Sanders County Ledger - Your Best Source For Sanders County News

By Ed Moreth 

CFVH promotes women's health at annual event


October 25, 2018

Ed Moreth

STEPPIN' UP – Lyla Sears of Plains gets screened on the body composition monitor as Aria Mangan of Clark Fork Valley Hospital tells her how to operate the machine at the Women's Health Fair at Plains High School.

Close to 80 people attended the Clark Fork Valley Hospital's annual Women's Health Fair, which took place at Plains High School last Thursday.

"This event is important to the hospital because we want to keep our community members and  communities healthy," said Aria Mangan, the hospital's Community Health Improvement Specialist and chief coordinator of the seven-hour health fair. "One of the best ways to do that is allow the opportunity and education to know what is out there to be healthy and take steps in understanding your health," she added.

Mangan had one of 21 booths at this year's health fair, which is in its third year and for the first time was done at the high school gymnasium. In about 30 seconds using a body composition monitor, Mangan could tell a person their body fat, muscle mass and water percentages, along with their bone mass and metabolic age. "It's a great device," said Mangan, who has had the monitor at the health fair for two years. She liked using the spacious gym and hopes to have future health fairs there.

Most of the booths were from Sanders County, including four from Clark Fork Valley Hospital. Leslie Coates, a registered dietitian and certified diabetes educator, screened people for blood glucose. Coates said that 34 million people in the United States are diabetic and 84 million people are pre-diabetic and half of them don't realize it. Registered Nurse Shelby Zenahlik provided blood pressure checks.

"The hospital and so many of our community partners really strive to have healthy communities and look for ways to present opportunities that promote health and healthy lifestyles, as well as connect our community members with resources in the area they might not know about otherwise," said Mangan. "This event allows for individuals to take advantage of caring for their multiple aspects of health for free and learn about others ways to care for yourself and what else is out there," she added.

Although Jenny Hafner is a registered nurse at the hospital, she had a commercial booth with more than 50 natural support health products ranging from laundry detergent to aromatic oils. She said there are numerous household products that people are unaware of their harmfulness, including some dental floss products, which contain unsafe chemicals.

Not all of the booths were directly related to women's health. The Plainly Speaking Toastmasters Club and the Plains Woman's Club have both participated in the health fair in previous years. Mangan said being part of a group like these is a form of social support and community involvement that helps improve a person's mood, reduces stress and helps keep a person from feeling isolated. Toastmasters club member Lores Porter said that being part of toastmasters can help a person to build confidence when speaking in front of groups, which could lower stress.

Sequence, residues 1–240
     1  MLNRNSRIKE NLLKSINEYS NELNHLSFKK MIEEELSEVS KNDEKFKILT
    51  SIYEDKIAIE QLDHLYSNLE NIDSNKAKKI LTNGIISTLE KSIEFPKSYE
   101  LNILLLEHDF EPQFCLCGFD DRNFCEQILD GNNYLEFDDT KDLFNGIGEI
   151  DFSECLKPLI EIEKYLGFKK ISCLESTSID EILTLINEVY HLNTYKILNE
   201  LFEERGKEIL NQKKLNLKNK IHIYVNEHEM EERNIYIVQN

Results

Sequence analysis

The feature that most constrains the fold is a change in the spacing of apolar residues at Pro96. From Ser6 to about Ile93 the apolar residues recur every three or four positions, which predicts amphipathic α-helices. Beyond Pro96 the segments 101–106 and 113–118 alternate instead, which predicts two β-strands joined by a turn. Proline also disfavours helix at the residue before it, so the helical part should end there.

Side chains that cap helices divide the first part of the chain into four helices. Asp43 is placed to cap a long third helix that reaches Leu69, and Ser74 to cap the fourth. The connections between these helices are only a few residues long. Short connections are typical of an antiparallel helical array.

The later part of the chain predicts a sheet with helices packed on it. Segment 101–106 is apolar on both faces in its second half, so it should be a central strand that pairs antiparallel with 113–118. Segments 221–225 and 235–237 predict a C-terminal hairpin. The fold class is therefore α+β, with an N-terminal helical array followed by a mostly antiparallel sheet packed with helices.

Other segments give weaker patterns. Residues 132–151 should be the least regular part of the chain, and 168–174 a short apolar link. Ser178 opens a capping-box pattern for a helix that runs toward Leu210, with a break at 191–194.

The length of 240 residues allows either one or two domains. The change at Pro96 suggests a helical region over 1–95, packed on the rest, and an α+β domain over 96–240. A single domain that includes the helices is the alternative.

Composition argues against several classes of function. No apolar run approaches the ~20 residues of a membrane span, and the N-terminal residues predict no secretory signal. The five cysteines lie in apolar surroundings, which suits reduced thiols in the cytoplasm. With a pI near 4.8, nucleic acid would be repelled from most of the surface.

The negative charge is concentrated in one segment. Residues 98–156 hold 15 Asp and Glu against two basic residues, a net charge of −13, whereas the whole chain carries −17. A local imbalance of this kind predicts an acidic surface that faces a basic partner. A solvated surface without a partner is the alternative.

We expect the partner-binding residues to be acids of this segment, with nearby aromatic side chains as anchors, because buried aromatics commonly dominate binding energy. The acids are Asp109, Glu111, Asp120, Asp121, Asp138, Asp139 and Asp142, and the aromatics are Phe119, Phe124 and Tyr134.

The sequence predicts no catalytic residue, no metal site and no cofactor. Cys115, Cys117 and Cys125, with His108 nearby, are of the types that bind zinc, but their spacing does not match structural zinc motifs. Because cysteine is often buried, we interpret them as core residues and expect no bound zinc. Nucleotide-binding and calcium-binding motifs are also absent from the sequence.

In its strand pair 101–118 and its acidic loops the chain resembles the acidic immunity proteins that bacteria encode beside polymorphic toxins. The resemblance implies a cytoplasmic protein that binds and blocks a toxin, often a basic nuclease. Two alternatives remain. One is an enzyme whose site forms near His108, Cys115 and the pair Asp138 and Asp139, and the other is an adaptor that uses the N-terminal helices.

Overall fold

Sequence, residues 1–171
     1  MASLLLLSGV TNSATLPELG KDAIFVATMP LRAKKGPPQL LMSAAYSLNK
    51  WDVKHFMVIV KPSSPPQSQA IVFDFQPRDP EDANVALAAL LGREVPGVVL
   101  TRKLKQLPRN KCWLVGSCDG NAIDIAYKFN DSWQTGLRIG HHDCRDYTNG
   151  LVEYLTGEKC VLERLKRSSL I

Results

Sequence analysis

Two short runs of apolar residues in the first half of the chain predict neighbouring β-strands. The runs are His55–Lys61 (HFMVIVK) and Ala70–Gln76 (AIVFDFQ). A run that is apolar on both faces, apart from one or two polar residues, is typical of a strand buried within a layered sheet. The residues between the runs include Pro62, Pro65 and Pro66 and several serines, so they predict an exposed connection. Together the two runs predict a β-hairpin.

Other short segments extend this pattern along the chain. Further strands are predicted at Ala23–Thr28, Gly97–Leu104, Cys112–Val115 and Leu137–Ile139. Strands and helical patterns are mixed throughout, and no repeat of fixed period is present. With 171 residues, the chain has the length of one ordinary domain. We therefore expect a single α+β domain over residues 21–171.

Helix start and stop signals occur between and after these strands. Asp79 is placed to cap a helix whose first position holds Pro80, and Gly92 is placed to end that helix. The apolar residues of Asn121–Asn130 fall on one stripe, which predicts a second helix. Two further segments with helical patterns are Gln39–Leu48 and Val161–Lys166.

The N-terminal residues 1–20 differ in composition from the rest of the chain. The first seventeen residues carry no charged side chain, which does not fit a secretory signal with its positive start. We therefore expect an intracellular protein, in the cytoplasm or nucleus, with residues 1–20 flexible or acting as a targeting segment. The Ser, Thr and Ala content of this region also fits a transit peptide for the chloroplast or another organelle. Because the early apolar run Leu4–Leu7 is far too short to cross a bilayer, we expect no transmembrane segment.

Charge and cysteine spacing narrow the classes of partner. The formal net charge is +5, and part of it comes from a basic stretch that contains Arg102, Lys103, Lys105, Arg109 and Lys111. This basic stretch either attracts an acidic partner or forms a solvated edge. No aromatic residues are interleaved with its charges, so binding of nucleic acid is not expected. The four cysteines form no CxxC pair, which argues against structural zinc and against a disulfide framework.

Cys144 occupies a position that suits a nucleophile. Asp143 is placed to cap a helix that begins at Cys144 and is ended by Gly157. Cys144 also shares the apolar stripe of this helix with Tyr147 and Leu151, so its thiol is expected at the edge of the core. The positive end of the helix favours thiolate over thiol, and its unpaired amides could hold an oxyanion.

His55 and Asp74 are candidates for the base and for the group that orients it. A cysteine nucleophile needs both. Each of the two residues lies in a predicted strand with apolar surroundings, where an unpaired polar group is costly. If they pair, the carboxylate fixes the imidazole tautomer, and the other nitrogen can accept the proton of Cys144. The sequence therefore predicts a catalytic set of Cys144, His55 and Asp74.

There were also organizations from outside Sanders County, such as the Hearing Institute from Missoula, as well as specialists from Superior providing immunity screening. In addition, the Montana Cancer Screening Program, part of the Flathead City-County Health Department, which covers four counties, including Sanders, provided an informational booth this year centered around breast cancer. The booth included a spinning wheel trivia quiz revealing breast cancer facts. Molly Neu said that it is the second most common cancer in women. She said that some 230,000 women are diagnosed with breast cancer each year. She noted that some 2,000 men are annually diagnosed with breast cancer, but that a woman is 100 times more susceptible to breast cancer.

"Early detection is really important with breast cancer," said Neu, who added that a healthy diet, exercise and abstinence from tobacco products are key to prevention. She said people had fun with the spinning wheel, saying that around 75 percent answered the questions correctly.

Mental health was also addressed at the fair with representation from Western Montana Mental Health Center, based in Thompson Falls and Plains, and Kate Whipple-Kilmer, a licensed clinical psychologist with Clark Fork Valley Hospital.

Mangan felt the health fair went well. "The health fair also allows us to work at meeting some of our goals in our Implantation Plan developed from our Community Health Needs Assessment," she said.

Although they had fewer people attend than the previous year, she believes it's going to grow. She said the free screening booths were definitely a hit and that some men showed up and got screened. "The health department administered 20 flu vaccinations, which is great, especially since the flu is being reported earlier this year," she added.

The fair participants included people from throughout the county from their teens to their 80s. Most people stayed at the fair between 10 to 45 minutes.

The hospital holds the fair the same time as the hospital offers the annual free mammograms. Seventeen women took part in the free mammograms this year, said Mangan. There are plans to have another fair next year, but instead of being a woman's health fair, it will be a health fair for both genders. Mangan said it will be held in October, but the dates have not been determined.

"I think some women want to bring their husbands or some men want to attend, but the title is off putting, even though it says for men, too. So we are going to just call it a health fair next year," she said.


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